John Clarke, a satirist, writer and singer, left us an anthem. “We don’t know how lucky we are,” he sung all those years ago.
Now that he’s gone, the team behind the legendary song say it’s about time we use it.
With others, Graeme Hill flew to Melbourne, Australia to work on the song We Don’t Know How Lucky We Are, with Clarke.
It was recorded to be our alternative national anthem, Hill said.
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Hill worked on the track with musicians Eddie Rayner and Neil Finn as Clarke fronted for camera, rewrote most of it and was generally radiant, Hill said.
The song reached number 17 on the New Zealand Music Charts in 1975. It even got to number one in one in 1998, but Hill said that may have been down to a publicity stunt.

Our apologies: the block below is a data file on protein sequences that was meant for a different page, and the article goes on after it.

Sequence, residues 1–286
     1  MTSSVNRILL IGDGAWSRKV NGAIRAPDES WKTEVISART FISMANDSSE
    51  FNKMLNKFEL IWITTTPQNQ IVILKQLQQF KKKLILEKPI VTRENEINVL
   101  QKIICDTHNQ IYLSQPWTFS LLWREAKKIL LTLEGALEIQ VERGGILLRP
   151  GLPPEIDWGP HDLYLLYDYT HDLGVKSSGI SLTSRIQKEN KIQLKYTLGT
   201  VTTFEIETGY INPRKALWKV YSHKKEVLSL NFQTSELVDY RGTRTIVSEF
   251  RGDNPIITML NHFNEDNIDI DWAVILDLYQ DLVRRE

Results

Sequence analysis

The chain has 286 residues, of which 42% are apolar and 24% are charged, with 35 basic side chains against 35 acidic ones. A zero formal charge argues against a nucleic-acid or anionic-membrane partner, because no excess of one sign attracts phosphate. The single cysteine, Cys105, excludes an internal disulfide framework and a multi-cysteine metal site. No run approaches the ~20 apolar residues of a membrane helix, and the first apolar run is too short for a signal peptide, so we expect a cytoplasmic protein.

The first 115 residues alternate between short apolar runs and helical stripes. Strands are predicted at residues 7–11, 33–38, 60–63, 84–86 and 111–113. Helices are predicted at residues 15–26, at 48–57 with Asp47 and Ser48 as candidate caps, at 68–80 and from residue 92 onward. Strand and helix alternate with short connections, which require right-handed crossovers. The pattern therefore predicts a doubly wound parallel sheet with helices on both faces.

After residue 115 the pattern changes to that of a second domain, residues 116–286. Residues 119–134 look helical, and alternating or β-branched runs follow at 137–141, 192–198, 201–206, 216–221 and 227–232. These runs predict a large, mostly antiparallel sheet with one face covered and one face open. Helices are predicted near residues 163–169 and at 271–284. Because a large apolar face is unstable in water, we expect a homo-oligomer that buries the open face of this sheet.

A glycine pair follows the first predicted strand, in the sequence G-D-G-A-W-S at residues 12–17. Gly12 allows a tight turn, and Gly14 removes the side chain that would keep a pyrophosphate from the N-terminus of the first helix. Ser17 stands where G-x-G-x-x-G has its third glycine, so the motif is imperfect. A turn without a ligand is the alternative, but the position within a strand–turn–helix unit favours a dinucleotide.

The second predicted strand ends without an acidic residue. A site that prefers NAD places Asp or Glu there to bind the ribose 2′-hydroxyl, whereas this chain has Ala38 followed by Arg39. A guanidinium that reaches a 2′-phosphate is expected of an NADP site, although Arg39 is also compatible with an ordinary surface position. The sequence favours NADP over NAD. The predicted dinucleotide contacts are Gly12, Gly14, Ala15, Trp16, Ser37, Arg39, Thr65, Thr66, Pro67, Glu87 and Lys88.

“I think some advertising company may have bought them all.”
Despite its somewhat questionable rise in the charts, Hill was certain. We Don’t Know How Lucky We Are was the perfect anthem. “That’s why we did the video,” he said.
Asked why it should replace our current anthem, Hill said: “God Defend New Zealand is awful, no one knows what it means.”
The Ministry for Culture and Heritage had not received any requests to make We Don’t Know How Lucky We Are New Zealand’s official anthem.
“The ministry has not considered this change – it is the first time the suggestion has been put to us,” a spokesman said.
The people at the ministry were fans of the comedian, and particularly Fred Dagg, he said.
“At this stage, the Ministry is saddened by the news of John Clark’s death and wants to acknowledge the contribution John Clarke made to New Zealand as a satirist, comedian and writer, particularly in the 1970s with the invention of the persona Fred Dagg,” he said.